At dusk, the festival really began its transformation. The sides of warehouse buildings and ordinary corridors now glowed alive with pulsing projected light. The larger outdoor artworks were a visual playground that drew the passive and active engagement of a diverse audience. The wintery projection on one warehouse wall was well received. Rhyming with the circular motif found through the fest, this projection was dots of light floating around like snowflakes – many in the audience were jumping and grabbing at the dots of light as if they could be actually held. MASOMENO’s projections varied throughout the day, but were generally made up of colorful volumetric shapes and geometric patterns that was a wildly popular place for people to take selfies. In two main areas of the festival grounds were curated groups of food trucks that reflected Houston’s diverse population and culture – hungry festival-goers had the hard decision whether to go Cajun, Mexican, Asian, or soul food.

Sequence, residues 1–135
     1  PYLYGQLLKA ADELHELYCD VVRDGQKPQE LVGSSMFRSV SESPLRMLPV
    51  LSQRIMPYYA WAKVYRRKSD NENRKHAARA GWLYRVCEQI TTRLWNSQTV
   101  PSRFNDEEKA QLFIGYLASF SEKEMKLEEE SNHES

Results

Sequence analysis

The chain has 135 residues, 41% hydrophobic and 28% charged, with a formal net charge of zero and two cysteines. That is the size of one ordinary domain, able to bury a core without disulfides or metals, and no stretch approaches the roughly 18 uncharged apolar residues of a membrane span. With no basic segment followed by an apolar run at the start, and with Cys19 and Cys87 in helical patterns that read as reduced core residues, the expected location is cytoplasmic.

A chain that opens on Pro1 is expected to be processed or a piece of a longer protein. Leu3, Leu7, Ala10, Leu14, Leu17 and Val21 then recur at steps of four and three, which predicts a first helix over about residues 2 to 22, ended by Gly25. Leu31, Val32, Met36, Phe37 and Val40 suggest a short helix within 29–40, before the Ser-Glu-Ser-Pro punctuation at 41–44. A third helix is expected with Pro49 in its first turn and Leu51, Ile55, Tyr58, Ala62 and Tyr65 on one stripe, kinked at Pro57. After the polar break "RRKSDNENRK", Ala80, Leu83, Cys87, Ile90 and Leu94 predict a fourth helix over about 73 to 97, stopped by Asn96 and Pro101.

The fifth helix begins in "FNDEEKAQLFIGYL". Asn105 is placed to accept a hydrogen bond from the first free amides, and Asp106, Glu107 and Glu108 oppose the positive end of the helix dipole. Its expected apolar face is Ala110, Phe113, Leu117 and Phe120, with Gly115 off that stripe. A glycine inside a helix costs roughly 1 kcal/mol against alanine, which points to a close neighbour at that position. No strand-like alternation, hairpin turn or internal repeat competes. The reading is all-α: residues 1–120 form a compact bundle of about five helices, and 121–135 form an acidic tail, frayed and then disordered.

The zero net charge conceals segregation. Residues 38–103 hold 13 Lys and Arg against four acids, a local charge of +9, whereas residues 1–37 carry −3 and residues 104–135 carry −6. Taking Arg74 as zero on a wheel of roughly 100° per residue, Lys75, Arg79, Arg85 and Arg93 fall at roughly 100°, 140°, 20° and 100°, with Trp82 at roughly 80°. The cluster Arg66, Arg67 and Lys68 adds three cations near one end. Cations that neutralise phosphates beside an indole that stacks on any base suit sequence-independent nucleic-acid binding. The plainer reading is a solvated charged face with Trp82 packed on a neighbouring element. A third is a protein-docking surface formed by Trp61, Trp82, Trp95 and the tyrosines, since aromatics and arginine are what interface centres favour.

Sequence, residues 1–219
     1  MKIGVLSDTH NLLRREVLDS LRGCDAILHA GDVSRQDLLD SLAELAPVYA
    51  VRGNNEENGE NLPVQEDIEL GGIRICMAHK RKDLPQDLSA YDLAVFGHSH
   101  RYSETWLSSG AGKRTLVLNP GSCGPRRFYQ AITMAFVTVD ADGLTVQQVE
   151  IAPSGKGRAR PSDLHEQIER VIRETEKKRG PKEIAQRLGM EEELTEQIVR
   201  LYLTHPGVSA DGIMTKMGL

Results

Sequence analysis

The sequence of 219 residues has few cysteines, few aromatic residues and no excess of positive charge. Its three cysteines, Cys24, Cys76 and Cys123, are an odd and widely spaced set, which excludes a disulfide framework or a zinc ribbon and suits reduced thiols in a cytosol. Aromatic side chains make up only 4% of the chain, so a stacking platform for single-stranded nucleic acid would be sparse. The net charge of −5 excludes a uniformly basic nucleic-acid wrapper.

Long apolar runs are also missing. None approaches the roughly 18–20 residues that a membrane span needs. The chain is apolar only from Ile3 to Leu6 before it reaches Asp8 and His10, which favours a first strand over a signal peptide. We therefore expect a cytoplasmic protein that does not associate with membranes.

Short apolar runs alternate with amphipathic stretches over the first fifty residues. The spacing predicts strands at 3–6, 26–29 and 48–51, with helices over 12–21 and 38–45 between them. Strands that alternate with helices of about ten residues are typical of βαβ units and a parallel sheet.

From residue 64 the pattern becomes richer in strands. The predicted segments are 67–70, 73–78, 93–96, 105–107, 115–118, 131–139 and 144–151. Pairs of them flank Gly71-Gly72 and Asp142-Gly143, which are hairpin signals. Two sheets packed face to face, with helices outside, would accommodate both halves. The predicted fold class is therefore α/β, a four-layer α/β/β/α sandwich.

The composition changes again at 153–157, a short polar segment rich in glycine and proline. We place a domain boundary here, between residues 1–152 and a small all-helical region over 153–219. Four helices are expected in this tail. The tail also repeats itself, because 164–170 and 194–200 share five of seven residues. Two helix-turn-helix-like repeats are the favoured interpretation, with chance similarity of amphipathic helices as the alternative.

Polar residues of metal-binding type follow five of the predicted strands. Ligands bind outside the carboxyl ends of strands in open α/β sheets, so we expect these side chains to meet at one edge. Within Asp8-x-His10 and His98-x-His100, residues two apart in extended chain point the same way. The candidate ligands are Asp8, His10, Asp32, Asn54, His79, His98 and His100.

Other works in at the festival were more active in audience participation. Zach Lieberman’s work, for example, was a partially programmed and a partially audience-driven artwork. Using what looked like an opaque projector, viewers could rearrange shapes on a light table to interact with the patterns beamed against the wall of a warehouse. Refik Anadol’s ‘Infinity Room’ was also very popular. It was a lone white cube that sat in the middle of the food courtyard near the outdoor projections. Only eight people could inhabit the space at one time and the line stayed long throughout the duration of the festival, usually with around 100 or so viewers waiting their turn. What greeted them was an intimate space where every inch of the inside surfaces held funhouse mirror-like material. As viewers stood inside, four light projectors beamed striped patterns across their bodies creating a feedback loop of reflections that dazzled the eye.